Where did the name "Phobia" come from?
The name PHOBIA was given to me by the homie HUGE in 1993. Huge knew I was planning on making an identity change and was open to suggestions. On a cold and dreary evening he came across a television program about people's fears and jotted down the name PHOBIA. He already knew I was not a big fan of germs and elevators so he had most likely felt that this name would resonate with me. When he told me the name I knew that this was the perfect alias. Before I became PHOBIA, I wrote a few different names. I started out as HASTE and then transitioned into IAM, however, both of those names were both short lived.
Have you studied Art in any way?
I have a Bachelor's Degree in art from San Diego State. I also have an Associate degree in Architecture. Maybe my style comes from drawing buildings in Architecture classes? I have fond memories of drawing 3-D blocks a lot a child.
Have you traveled much for Graffiti? If so where have you been and where is your favorite place to spraycation?
I have done some traveling and had the opportunity to paint with some amazing folks. I try to get up to Canada (Spraycation Paradise) when I can to paint with my NR crew members. When I am in Canada there is nothing but love and fun. Huge shout out to every NR crew member in Canada and Worldwide! I used to frequent Denver Colorado and San Francisco quite often. In Denver I would paint with RTD guys. Huge shout out to CHASE and JHER! While I was in the Bay Area it was always night missions with my boys from WOW and BA. San Francisco was the Adult Disneyland for Graff Writers back in the day. Huge shout out to ATOM, BYPED, BLIS and APEX!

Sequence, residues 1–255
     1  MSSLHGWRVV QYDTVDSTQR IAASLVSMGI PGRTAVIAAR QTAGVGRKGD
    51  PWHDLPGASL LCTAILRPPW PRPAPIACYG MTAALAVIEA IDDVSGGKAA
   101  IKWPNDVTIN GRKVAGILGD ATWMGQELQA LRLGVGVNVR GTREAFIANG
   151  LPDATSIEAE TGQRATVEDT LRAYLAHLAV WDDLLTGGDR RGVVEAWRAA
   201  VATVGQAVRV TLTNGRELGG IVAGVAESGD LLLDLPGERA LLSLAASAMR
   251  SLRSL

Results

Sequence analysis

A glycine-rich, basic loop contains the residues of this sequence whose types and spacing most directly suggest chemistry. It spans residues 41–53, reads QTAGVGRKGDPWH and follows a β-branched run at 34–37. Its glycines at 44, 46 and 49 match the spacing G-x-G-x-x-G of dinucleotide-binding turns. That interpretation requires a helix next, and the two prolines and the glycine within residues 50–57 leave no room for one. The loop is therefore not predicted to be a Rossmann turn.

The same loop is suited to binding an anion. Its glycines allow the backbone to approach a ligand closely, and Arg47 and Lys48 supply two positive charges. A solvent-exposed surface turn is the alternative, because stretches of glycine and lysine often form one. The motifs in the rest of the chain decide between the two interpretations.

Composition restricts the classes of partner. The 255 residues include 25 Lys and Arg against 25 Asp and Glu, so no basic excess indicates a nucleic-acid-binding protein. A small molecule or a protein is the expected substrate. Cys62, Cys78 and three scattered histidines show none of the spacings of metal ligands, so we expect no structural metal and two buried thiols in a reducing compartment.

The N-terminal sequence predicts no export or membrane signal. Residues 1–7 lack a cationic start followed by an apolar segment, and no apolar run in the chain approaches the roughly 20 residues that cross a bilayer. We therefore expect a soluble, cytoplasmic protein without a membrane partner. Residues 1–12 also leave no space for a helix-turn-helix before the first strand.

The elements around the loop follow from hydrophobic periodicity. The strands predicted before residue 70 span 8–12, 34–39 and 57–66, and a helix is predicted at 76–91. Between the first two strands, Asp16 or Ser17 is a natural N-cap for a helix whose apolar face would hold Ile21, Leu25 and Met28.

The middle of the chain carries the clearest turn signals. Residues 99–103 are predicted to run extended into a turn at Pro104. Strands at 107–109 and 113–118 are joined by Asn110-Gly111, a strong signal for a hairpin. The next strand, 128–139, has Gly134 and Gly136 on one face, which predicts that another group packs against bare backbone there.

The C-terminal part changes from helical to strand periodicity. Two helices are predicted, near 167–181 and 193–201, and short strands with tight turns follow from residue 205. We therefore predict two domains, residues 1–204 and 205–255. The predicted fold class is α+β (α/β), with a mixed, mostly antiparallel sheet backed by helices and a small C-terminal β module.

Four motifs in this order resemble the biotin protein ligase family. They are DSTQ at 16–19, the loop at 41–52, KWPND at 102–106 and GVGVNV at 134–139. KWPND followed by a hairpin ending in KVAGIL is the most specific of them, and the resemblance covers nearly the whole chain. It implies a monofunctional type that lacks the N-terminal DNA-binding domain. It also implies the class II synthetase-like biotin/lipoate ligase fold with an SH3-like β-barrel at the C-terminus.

Are you a part of any art collectives, crews, or teams? How did these crews come about?
I am a part of a crew that goes by NR. The original meaning is NO REMORSE. This crew started in 1993 when members of 4 other separate crews walked away from their crews to start a new one. I was part of a group called AEK. The AEK crew started in a positive direction for me when I first got in it, however, as trouble mounted with a rival group called SEK and criminal activity outside the scope of graffiti began to engulf my life, I knew it was time to be a part of something much bigger and better for me. NR has been more like a family to me over the past 25 years. The crew is now worldwide with members in the USA, Canada, Japan, Australia and Europe.
What’s your favorite brand of spray paint to paint with and why?
I don't really have a favorite brand. As long as the tips work on a can, I am good to go. It was so much easier in the 90's when we just had "Phantom", "Fat Cap" and "Softball" tips for Krylons and Rustos. Nowadays I tend to burn through precious painting time checking the 10 different tips in my pocket on 5 different paint brands to make sure they link up and work together. Don't get me wrong though, I love the colors of paint available for the picking.
What are your favorite colors or are there colors you find yourself using often?
My style tends to command various tones so it is hard to really say that there are 3 favorites. I always enjoy using Black, White and Red. I use graffiti as an outlet and tend to paint themes that explore a more sinister part of my thoughts.